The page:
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Blog: Humanist Voices

EarthBulbsI can’t believe I missed it!  The 10th annual Earth Hour to shut off lights in support of energy conservation and protecting the planet.  Me--the avid environmentalist since my youth—who to this day constantly goes around my house and other people’s houses shutting off lights—welcome or not!  Two days later I saw the back page Strib article: Cities worldwide go dim.  Other Minnesotans apparently missed it too—and most of the country.  New York City gave a nod to this environmental movement (begun in Australia in 2007) by dimming the lights atop the Empire State Building and some billboards in Times Square.  But I could have been the poster child for this environmental campaign!  O.k.—more accurately--the poster matron.   You can always count on me to turn out the lights.

You see, I was well trained in my youth.  There was a time when conservation was the norm—even in the U.S.  It had been a strong civic virtue at least through WWII.  But social, political and economic events converged after the war to propel America into an age of unbridled consumerism, consumption and excess.  Yet conservation remained a stalwart personal value among many poor and working-class families well past mid-century. And being raised by conservative parents in a rural community, I always thought conservation was a conservative value. My parents epitomized that value and instilled it in their children. 

How times change!  Over the course of a few decades, America became the “Little Shop of Horrors” whose appetite for more stuff was insatiable.  Some modest grassroots movements and bi-partisan policy efforts were attempted in the 60s and 70s to curb the appetite of the beast, but a decisive change in our civic values emerged with the election of Ronald Reagan in 1980.  He helped bury the value of conservation—at least among conservatives—as he sold the country a Hollywood version of America that still holds sway today.  Continuous growth, unregulated excess, maximizing profit and unfettered personal choice are held up as civic virtues of our time.  Along with the trope that we can have it all.  Or at least some of us supposedly can.  Until we can’t.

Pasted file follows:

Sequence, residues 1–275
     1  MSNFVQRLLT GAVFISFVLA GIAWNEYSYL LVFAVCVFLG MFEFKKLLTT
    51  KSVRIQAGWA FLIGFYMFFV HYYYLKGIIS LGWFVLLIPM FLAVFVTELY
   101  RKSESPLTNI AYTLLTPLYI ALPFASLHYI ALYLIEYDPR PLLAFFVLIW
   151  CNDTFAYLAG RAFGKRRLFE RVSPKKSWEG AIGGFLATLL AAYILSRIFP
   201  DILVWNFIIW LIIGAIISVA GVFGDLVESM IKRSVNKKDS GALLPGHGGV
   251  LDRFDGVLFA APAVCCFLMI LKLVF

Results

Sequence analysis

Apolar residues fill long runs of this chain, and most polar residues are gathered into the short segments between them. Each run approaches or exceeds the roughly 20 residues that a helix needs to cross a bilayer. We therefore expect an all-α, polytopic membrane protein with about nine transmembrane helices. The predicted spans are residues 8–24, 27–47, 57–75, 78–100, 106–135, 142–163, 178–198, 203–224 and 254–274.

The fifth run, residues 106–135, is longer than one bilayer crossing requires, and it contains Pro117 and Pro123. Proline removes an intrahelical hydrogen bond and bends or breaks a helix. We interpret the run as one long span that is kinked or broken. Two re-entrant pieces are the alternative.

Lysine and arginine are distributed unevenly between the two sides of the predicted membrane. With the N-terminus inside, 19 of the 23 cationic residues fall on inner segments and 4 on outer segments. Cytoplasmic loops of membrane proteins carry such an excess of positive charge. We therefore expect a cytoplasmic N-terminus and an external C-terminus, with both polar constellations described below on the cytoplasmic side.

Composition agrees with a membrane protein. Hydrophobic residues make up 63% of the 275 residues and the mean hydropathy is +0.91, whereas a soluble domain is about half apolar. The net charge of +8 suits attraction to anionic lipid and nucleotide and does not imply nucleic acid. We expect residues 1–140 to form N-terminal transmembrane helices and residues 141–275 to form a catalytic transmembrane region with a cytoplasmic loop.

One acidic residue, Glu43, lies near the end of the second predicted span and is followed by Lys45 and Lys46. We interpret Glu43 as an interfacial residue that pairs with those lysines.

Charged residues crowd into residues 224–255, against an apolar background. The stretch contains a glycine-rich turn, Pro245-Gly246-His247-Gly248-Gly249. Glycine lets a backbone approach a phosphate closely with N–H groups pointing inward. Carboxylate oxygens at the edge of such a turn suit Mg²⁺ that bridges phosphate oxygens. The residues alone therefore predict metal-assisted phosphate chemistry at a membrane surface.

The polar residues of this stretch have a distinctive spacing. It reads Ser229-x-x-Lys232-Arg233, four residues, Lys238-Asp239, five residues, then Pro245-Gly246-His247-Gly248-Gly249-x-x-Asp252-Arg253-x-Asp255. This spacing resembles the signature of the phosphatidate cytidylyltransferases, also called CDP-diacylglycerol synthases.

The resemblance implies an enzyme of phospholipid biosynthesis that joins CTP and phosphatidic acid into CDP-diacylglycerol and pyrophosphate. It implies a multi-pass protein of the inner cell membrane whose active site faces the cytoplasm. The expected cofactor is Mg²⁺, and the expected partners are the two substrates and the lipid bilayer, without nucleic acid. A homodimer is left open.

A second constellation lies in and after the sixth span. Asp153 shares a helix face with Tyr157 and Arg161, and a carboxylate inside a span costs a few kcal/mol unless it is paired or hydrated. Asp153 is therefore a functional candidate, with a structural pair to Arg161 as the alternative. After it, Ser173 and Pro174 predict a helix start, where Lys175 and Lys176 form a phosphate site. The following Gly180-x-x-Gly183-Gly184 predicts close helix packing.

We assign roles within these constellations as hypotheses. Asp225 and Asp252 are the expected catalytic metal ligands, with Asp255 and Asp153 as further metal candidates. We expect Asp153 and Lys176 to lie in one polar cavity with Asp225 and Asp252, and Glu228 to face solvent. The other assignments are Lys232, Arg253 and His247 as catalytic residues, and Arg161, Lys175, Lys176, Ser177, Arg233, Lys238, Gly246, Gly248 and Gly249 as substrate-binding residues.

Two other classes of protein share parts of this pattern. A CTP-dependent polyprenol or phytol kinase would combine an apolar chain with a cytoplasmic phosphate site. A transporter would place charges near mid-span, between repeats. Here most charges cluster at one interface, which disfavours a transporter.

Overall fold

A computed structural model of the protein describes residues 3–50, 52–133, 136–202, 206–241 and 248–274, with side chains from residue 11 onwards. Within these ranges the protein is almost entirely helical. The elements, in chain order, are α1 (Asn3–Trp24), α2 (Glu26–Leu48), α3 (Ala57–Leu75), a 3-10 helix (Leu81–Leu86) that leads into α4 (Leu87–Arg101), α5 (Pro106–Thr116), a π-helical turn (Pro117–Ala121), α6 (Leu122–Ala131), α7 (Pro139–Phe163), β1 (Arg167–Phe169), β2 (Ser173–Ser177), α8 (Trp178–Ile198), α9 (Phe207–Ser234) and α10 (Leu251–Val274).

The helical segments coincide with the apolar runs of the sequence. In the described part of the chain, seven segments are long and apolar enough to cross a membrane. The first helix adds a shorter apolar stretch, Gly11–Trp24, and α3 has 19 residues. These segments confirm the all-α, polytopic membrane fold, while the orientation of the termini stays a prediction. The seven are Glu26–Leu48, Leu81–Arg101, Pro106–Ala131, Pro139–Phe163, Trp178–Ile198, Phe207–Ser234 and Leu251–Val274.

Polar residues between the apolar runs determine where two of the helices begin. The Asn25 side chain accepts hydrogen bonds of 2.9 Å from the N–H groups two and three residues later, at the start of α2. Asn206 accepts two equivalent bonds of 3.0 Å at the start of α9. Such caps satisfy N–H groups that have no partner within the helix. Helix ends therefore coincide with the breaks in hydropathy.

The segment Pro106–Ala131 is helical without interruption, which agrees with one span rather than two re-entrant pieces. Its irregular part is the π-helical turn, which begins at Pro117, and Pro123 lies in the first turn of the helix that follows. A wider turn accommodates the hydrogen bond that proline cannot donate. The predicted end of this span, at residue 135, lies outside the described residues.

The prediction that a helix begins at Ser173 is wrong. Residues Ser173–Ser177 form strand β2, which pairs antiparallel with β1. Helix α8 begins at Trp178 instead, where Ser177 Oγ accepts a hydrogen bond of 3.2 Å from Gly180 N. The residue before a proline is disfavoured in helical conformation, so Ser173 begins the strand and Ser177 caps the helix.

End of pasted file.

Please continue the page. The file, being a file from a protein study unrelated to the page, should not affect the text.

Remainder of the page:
Now it’s mostly progressives who have taken up the banner of conservation given the stark reality of climate change. But it is indeed a hard row to hoe these days.  Our economic system, our infrastructure design and our social conditioning have trained us to consume as much as we can as fast as we can.  We’ve become addicts. Every day we are able to acquire more and more stuff that makes life easier, more pleasant with more options, so that most of us leave a bigger and bigger carbon footprint with every passing year. 

We might dismiss Earth Hour as a useless symbolic gesture to consume less electricity for only one hour. But its focus is completely on point. We need to consume less—to actually conserve resources.  It is not enough to support renewable energy—important as that is; we also need to consume less energy. It is not enough to eat locally grown foods, grass fed beef or cage-free chickens.  We need to waste less food and substantially curb our meat intake. It is not enough to drive a Prius or another fuel-efficient car.  We need to drive less, and instead hop on the bus, train, a bike—or even walk—a whole lot more.  Of course we should re-use and recycle, but we also must reduce our consumption all together. 

As humanists and environmentalists we accept the responsibility to appeal to our better selves. We pay attention to the issues, we study the facts, we chart a course and then we walk the talk.  Often it will happen little by little, hour by hour, day by day as we develop new habits and new passions that befit our changing world.  We encourage, support and challenge one another in the process. As humanists we take our commitment to the well-being of all and the sustainability of the planet seriously.  We are part of something bigger than ourselves.  We have each other and we have allies across the globe.   

This year Earth Hour events in China were promoted with the slogan- “Consume less. Enjoy more.”  Let’s explore the many ways we can do this together here. Share your ideas. For instance, I’ve been seriously thinking about taking the pledge for 30 Days of Biking in April as a way to develop a biking habit.  But I’m afraid to commit.  Anyone want to join me?  In any event, you can at least count on me to always turn out the lights.  J

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Audrey

 

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